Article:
I wouldn't be so concerned about the teachers as I would be about the students. I took a college course which examined the Bible from a literary and historical perspective and the Evangelical students among us attempted to hijack the class and turn it into a religious debate and avenue for proselytizing on an almost daily basis. I question whether or not most highschool students are academically mature enough to examine the Bible from a religiously neutral perspective. If anything, it should be offered only as an AP course.

[quote="EmperorNapoleon, post:5, topic:204483"]
I wouldn't be so concerned about the teachers as I would be about the students. I took a college course which examined the Bible from a literary and historical perspective and the Evangelical students among us attempted to hijack the class and turn it into a religious debate and avenue for proselytizing on an almost daily basis. I question whether or not most highschool students are academically mature enough to examine the Bible from a religiously neutral perspective. If anything, it should be offered only as an AP course.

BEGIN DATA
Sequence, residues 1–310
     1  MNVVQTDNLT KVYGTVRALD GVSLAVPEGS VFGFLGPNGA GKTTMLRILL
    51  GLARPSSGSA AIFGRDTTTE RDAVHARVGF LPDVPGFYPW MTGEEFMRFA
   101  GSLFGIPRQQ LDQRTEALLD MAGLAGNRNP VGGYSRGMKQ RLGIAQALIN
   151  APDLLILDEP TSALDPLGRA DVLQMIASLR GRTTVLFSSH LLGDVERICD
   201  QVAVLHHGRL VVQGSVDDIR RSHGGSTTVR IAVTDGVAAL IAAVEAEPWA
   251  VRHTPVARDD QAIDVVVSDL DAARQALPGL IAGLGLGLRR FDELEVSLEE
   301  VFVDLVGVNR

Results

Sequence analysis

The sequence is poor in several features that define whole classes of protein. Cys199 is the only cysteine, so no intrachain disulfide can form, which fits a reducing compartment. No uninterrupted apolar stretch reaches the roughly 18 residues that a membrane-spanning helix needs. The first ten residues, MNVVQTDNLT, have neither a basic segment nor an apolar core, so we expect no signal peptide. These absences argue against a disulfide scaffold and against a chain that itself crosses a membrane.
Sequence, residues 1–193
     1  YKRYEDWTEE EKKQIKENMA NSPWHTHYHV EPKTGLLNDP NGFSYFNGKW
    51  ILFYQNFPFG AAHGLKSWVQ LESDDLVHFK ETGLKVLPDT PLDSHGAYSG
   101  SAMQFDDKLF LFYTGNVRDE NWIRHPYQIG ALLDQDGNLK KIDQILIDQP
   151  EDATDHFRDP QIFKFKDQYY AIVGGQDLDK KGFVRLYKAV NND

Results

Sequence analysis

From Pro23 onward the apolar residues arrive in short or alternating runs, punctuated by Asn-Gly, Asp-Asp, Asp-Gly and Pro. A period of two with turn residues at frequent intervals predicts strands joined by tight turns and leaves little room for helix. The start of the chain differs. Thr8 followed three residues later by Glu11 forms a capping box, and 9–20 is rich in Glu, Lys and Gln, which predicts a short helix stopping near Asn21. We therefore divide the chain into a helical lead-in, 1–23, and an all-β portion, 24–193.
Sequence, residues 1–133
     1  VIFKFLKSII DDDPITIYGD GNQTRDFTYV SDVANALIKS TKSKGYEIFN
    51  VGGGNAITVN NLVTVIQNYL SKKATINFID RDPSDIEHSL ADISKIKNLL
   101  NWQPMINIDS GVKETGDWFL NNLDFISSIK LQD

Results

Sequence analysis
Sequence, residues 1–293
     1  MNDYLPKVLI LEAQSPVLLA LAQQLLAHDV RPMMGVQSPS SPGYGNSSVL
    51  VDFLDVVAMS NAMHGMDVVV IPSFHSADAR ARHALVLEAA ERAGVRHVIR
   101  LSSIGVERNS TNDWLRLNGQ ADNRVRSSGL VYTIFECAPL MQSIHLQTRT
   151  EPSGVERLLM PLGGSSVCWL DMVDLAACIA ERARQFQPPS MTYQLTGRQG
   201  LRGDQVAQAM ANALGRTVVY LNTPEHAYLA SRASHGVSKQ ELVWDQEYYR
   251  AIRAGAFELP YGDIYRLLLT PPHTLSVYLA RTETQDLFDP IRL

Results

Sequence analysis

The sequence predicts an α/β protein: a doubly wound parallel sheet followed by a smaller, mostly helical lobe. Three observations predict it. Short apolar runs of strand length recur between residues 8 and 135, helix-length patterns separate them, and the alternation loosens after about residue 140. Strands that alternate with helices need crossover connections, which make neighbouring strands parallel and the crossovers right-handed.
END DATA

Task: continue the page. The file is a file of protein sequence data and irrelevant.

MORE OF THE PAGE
[/quote]

If the students are "hijacking the class," then the instructor is poor. All they need to do is remind the students that it is a non-theological class looking only at the historical and literary aspects.

[quote="awatkins69, post:3, topic:204483"]
I suppose it's possible for this to be done. But it's very hard to not offend anybody, in terms of sectarian lines. You have to have great instructors, a perfect plan of lessons, and willing kids and parents.